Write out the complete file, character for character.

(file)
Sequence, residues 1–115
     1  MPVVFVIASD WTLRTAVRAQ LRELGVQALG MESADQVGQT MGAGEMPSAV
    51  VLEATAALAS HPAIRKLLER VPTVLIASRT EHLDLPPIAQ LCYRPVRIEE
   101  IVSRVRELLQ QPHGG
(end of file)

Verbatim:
Sequence, residues 1–115
     1  MPVVFVIASD WTLRTAVRAQ LRELGVQALG MESADQVGQT MGAGEMPSAV
    51  VLEATAALAS HPAIRKLLER VPTVLIASRT EHLDLPPIAQ LCYRPVRIEE
   101  IVSRVRELLQ QPHGG